House Rules : A Must Read

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‘House Rules’ can be arguably called the most painful yet the most knowledgeable novel one could come across. Undoubtedly one of her best works till date, Jodi Picoult places us squarely in the life of a boy with an Asperger’s Syndrome. She allows us to get under the skin of the protagonist and feel the pain that his illness causes to not only himself but his family and friends alike. Asperger’s is a form of high functioning autism. One of every one hundred children is diagnosed on the autism continuum today.

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Jacob Hunt, the protagonist of ‘House Rules’, is affected by this condition. His world is literal with no nuances. He is incapable of expressing what he feels. People treat him as an alien to the human race because he knows only frankness, which eventually leaves him with a limited number of friends. He is incapable of telling a lie and has limited social skills, makes limited eye contact and he cannot bear to be touched. But he is exceptionally bright with a fixation on forensic science. He can analyze crime scenes as well as professional, and, most ominously, he can create fake crime scenes. He solves murder mysteries on televisions, keeping notes of the clues that led him to make the inference. He reads extensively on detective work and autopsy discoveries. Jacob also seems to have a flat affect. He is repulsed by the color orange. Life is a series of routines to the extent that each day is devoted to a particular color of food.

Emma is the mother of two, Jacob himself and Theo. Their father abandoned the family because he was unwilling to share the burden of having to take care of an autistic son. Alone Emma faces the oddities of bringing up their brilliantly autistic child, in this world full of chaos and mayhem, trying her best to make him seem as normal as possible. Her life turns into an eternal struggle to deal with the atrocities hurled at her by Jacob, mostly unintentionally.

Emma’s younger son Theo grows up in an atmosphere in this home dominated by constant care for Jacob. He feels neglected and chooses the wrong path in life. Theo becomes a bandit. After school, he often tracks down houses. Then when the owners are away, he sneaks inside and steals the items he loves: MP3 Players, video games, iPod and CD’s.

The story unfolds gradually. Each chapter being told from a different person’s perspective. The narrative is similar to that of ‘My Sisters Keeper’. Jacob’s mother hires young Jess, to befriend him and make him more socially acceptable. She does her very best but that doesn’t seem to be enough for Jacobs Asperger’s to constantly need her attention. Her boyfriend ends their relationship because he feels she dotes on Jacob. Their lives seem to be going smoothly until one day when the police find Jess dead not far from her apartment. Her body lied in a wooden area with Jacobs favorite blanket wrapped around her. He is charged of murder and taken in for trial. When questioned, his Asperger’s forces him to answer every question truthfully. He admits to being in Jess’ home, repulsed by the stream of blood overflowing her bathroom. He also admits to carrying Jess’ corpse to the culvert, where her dead body was found and wrapping it with the blanket. Shattered by the prospect of Jacob surviving in prison, her mother breaks down. Although she admits her son did have bouts of violence, she was convinced it could never lead to anyone’s murder. But Jacobs own fateful testimony accompanied with the convincing forensic evidence seems to shake the foundation of hers and Theo’s belief in Jacob’s innocence. Jacob’s lawyer attempts to enter an insanity plea. But the tests prove that he was absolutely in his senses while committing the crime. He seemed to have an underlying motive. He did not like the attention Jess gave her boyfriend since he considered himself to be superior to him.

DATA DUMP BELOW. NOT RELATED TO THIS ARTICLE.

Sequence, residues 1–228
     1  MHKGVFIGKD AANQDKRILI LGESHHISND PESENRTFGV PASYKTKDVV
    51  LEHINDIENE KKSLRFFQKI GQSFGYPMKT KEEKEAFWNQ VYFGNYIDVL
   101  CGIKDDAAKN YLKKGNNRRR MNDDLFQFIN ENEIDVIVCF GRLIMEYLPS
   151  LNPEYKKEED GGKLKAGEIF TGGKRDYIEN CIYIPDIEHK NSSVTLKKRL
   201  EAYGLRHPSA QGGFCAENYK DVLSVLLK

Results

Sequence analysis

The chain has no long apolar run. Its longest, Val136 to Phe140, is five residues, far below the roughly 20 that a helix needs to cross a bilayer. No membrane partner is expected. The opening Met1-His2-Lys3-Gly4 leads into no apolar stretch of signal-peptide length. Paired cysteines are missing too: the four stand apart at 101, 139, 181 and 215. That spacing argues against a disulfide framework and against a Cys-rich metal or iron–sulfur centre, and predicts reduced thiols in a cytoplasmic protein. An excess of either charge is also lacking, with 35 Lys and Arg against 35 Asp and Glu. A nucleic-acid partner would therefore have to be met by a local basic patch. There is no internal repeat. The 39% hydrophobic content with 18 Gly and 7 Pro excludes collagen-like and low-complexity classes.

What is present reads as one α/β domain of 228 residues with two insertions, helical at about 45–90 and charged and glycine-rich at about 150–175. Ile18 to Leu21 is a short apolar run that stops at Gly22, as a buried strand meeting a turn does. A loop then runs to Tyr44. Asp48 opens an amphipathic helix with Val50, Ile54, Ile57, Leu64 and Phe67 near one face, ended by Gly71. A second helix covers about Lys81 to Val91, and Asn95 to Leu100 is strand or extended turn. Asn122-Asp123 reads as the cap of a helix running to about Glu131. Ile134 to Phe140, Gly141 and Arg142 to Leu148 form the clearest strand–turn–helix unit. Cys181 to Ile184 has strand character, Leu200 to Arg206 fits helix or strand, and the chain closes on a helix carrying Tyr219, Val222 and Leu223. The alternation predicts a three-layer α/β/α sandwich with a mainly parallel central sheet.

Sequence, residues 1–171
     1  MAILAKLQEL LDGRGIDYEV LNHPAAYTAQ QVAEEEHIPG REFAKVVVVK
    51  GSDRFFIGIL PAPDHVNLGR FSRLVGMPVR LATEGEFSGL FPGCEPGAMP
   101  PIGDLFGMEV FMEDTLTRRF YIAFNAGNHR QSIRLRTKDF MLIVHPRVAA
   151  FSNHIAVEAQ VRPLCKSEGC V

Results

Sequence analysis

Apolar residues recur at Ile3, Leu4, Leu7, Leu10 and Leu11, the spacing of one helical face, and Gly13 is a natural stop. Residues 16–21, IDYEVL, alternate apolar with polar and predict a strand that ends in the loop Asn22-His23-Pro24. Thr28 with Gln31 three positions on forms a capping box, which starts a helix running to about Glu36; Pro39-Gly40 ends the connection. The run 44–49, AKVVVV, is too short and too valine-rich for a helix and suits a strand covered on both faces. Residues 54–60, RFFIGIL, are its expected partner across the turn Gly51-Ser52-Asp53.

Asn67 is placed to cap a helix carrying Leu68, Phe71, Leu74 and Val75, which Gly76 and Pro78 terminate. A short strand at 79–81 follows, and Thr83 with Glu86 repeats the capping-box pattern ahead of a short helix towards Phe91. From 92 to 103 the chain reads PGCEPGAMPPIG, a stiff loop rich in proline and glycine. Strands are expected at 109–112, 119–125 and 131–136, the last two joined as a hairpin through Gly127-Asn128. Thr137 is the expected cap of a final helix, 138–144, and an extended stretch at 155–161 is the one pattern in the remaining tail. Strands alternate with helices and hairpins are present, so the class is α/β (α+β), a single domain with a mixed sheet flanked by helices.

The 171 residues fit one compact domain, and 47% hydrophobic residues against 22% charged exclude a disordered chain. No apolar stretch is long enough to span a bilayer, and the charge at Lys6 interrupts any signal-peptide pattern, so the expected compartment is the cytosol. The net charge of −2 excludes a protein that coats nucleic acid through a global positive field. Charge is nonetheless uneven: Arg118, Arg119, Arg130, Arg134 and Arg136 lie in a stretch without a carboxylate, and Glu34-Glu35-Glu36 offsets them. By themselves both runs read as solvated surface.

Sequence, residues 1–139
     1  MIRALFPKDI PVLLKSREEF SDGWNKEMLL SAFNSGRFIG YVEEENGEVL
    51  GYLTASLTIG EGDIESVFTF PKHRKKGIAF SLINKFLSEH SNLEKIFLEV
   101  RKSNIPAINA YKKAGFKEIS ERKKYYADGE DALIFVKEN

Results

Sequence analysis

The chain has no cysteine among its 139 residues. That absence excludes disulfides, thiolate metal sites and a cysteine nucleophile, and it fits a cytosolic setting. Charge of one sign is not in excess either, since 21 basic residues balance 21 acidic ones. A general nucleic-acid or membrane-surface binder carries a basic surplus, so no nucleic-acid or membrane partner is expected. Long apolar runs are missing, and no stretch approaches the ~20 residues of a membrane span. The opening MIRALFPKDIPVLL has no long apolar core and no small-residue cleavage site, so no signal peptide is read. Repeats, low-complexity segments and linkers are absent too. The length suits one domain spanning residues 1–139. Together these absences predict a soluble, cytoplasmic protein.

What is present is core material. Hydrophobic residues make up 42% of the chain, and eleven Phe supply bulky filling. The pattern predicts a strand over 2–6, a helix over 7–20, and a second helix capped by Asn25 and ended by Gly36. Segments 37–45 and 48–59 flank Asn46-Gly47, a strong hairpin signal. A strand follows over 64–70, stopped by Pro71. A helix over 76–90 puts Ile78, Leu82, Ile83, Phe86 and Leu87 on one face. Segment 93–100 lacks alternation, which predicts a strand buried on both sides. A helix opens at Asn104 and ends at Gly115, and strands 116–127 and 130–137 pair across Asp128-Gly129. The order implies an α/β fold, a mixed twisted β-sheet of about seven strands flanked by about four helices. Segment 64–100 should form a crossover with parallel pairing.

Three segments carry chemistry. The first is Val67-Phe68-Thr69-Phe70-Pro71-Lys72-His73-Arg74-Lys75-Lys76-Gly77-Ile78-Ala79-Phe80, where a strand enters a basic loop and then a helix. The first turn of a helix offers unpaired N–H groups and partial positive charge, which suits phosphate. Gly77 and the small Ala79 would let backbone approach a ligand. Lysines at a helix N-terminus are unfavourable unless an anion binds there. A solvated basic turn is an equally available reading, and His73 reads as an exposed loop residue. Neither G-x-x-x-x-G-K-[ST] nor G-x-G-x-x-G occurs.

The brilliant story line with its artful narration will have you racing to the end to find out what happens to this young man. Did he actually murder Jess in all his senses? Or is there a twist in the tale? “House Rules” will not disappoint. The rule refer to a particular order of things by which their house if governed. Everything seems to revolve around Jacob. Both his mother and his brother seem to get frustrated, at one point of time, by the fact that they seem to have no life of their own anymore. The intricate realities of having a handicapped son or brother is captured beautifully by Picoult. The simple series of events is easy to follow and well thought out. It is written in a quick pace. The Washington Post wrote about House Rules stating, “Picoult’s superb novel makes us inhabit Jacobs’s solitude and abide his yearning.” I couldn’t agree more.

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